The final episode of Spiral Labyrinth wraps up with the story of two men based on Kefenhiller’s research. On the one hand is the idealist Jeikmeister and the other Michaelsen. Yang ultimately dumps his interpretation of the research onto Cazellnu and Attenborough, but even he cannot say that is truly what happened. After that, Yang is given a new assignment and everyone moves on in their careers.
Yang begins by telling the story of Jeikmeister, the man at the head of intelligence gathering from the Empire at the time of Ashbey’s death. Jeikmeister’s father investigated thought crimes within the Empire, especially those who desired for republican democracy. As part of his work, he brought home writings on the subject. Jeikmeister secretly read the books and came to believe that democracy was ideal as a way of rebelling against his father. He held these opinions in secret as he progressed through the Imperial military, while at the same time he organized a network to provide information to the Alliance. Eventually, Michaelsen joined the network at about the same time Jeikmeister made his decision to defect after the deaths of his wife and son.
Jeikmeister asked to be assigned to the front lines, and took the opportunity to escape in a shuttle and defect to the Alliance. Once there, he was given the status of a Vice Admiral and given a room in which to monitor intelligence coming from his old network, now run by Michaelsen. As he spent more time in the Alliance, Jeikmeister became jaded as his hope that the Alliance would represent his ideals simply wasn’t true. Then came the arrival of the 730 Mafia onto the scene. Jeikmeister met with Ashbey and decided that he could be trusted with the information from the Empire. As Ashbey piled up the victories, Jeikmeister hoped that the military and Ashbey in particular could be the source of reform within the Alliance.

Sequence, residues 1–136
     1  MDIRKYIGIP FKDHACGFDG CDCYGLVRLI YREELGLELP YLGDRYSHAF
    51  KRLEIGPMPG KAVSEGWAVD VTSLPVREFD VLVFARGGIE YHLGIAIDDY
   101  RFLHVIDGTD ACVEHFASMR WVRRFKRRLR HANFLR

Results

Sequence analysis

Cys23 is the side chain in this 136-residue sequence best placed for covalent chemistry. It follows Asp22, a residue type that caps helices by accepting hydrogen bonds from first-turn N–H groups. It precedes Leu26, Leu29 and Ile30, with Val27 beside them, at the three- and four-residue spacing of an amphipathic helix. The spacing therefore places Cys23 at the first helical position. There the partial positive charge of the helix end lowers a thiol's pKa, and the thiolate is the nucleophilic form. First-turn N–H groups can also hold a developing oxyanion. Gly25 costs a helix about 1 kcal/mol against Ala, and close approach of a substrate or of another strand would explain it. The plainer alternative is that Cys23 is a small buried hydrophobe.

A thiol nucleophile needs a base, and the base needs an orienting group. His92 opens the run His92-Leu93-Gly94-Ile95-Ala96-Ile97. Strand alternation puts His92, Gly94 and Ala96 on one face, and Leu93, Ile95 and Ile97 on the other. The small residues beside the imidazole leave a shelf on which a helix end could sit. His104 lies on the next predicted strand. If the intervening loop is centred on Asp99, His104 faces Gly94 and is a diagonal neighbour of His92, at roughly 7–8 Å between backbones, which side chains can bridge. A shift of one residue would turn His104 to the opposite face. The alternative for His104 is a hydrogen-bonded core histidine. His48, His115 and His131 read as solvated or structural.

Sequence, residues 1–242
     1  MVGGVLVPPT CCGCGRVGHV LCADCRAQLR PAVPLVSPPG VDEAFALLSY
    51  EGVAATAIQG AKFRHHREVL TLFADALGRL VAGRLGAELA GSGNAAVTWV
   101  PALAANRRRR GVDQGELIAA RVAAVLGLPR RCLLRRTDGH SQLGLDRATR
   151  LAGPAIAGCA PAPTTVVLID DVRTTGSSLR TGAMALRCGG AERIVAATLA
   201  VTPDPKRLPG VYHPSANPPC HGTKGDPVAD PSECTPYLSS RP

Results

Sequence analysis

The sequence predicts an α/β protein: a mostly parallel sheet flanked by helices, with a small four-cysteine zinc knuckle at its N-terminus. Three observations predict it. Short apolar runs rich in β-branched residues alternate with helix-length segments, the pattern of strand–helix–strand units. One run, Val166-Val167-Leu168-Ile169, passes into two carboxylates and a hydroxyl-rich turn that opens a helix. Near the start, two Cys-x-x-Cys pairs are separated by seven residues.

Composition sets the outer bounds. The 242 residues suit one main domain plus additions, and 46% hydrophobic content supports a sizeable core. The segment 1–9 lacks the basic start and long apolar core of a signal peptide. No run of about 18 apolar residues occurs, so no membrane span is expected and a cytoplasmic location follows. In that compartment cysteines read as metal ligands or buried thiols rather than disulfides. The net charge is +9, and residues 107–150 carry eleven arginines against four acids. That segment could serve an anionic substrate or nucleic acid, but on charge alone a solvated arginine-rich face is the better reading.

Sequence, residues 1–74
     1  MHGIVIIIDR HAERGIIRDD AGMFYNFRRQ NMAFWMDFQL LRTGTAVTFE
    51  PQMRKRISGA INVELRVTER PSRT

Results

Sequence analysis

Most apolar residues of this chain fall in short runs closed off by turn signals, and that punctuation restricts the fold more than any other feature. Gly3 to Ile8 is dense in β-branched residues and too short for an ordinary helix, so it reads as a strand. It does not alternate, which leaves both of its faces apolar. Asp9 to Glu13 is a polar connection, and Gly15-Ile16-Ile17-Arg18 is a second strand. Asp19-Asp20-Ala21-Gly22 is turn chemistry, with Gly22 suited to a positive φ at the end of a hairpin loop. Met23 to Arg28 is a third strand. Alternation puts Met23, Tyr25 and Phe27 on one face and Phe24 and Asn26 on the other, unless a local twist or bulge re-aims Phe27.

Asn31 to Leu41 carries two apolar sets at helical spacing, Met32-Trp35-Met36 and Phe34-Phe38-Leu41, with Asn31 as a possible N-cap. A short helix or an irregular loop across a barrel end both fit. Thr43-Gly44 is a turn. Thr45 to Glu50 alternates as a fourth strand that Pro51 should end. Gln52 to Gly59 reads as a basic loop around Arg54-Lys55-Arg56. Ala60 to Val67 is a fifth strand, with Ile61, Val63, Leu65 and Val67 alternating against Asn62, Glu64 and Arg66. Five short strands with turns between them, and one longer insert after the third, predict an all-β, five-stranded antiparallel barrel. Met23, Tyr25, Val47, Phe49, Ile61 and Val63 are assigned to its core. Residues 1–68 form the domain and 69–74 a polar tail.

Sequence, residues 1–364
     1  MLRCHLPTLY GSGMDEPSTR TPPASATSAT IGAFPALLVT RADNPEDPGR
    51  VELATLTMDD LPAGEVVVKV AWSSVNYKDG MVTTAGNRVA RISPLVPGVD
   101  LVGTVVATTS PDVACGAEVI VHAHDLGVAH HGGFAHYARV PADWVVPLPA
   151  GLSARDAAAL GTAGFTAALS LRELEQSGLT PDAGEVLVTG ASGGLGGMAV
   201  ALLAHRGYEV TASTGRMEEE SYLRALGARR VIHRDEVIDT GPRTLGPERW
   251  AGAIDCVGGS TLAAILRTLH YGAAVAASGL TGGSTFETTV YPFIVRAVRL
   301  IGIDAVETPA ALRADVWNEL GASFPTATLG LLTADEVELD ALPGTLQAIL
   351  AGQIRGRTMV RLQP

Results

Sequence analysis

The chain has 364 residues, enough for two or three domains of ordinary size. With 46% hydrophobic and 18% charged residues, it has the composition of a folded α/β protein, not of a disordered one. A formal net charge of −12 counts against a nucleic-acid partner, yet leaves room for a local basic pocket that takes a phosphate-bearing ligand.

Ashbey’s death ended those hopes, and Jeikmeister retired early. He lived out the rest of his days far from Heinessenpolis and died from complications from pneumonia having not seen a doctor.
So what of Michaelsen? Because of Ashbey’s death, the network did not have to ever worry about taking sides in internal affairs within the Alliance. Michaelsen continued to run the network as he had while trying to find a way out, unsuccessfully. Based on Kefenhiller’s recollections, the Imperial military were suspicious of Michaelsen, but pride meant they could not accuse him of anything directly. The result at Tiamat meant that Michaelsen became one of the senior officers remaining in the forces and bought him some time.
The end for Michaelsen ultimately came as officers were being reassigned. There was anger among the first group when their assignments had to be withdrawn in error, and the manner of apology made them angrier still. Michaelsen cracked open a door in his office and was seen to have shrugged at what was happening. As the commotion died down, the assignments went ahead. The second group of officers came in and waited for their assignments when one officer entered the office and saw Michaelsen’s dead body. No culprit was ever found.
Attenborough reacts to this story as though he had been told a lie, which Yang says it is. He says it is so because there is simply not enough information to conclude what he says happened did happen. Yang says the key information would only be revealed after the political body collapses.
Yang and Attenborough depart as Hortence observes how similar the three men are; too short-sighted to realize they should be working together. Attenborough wonders where he will be in 10 years time, at least hoping they will all be alive.
The denouement comes quickly as Yang files Kefenhiller’s documents, which are then made unavailable to the public for 25 years. Yang then opened a letter from Miriam Rosas which revealed that her grandfather had in fact committed suicide and that Yang shouldn’t worry about being responsible for it. Yang interpreted the action as Rosas deciding to embark on a journey to the past. Later, Yang received a new assignment on the front lines as part of the 8th Fleet’s Strategy Department. At Cazellnu’s wedding, Attenborough says that Yang should be next. Cazellnu himself says that Kefenhiller’s documents would not have been sealed if Yang had filed them under his own name. However, Yang says that in 25 years there will be skilled historians who would be able to put the story together better, though that may be due to the Alliance and Empire no longer existing. Yang wonders about his assignment on Econia, and thinks that maybe it was Cazellnu allowing Yang to live out his dream profession if only for a small amount of time.
Conclusion: As is pretty obvious from what I’ve been saying in this space, this OVA was a few episodes too long. May the first Gaiden series bring some excitement back in the form of Reinhard’s early career. As for the conclusion of this episode, I think it’s fair to say that it suffers in much the same way as the historical documentary series in the main OVA did. As an account of the time, it doesn’t really feel all that urgent and it is merely information that hardly seems relevant in this case to the main story.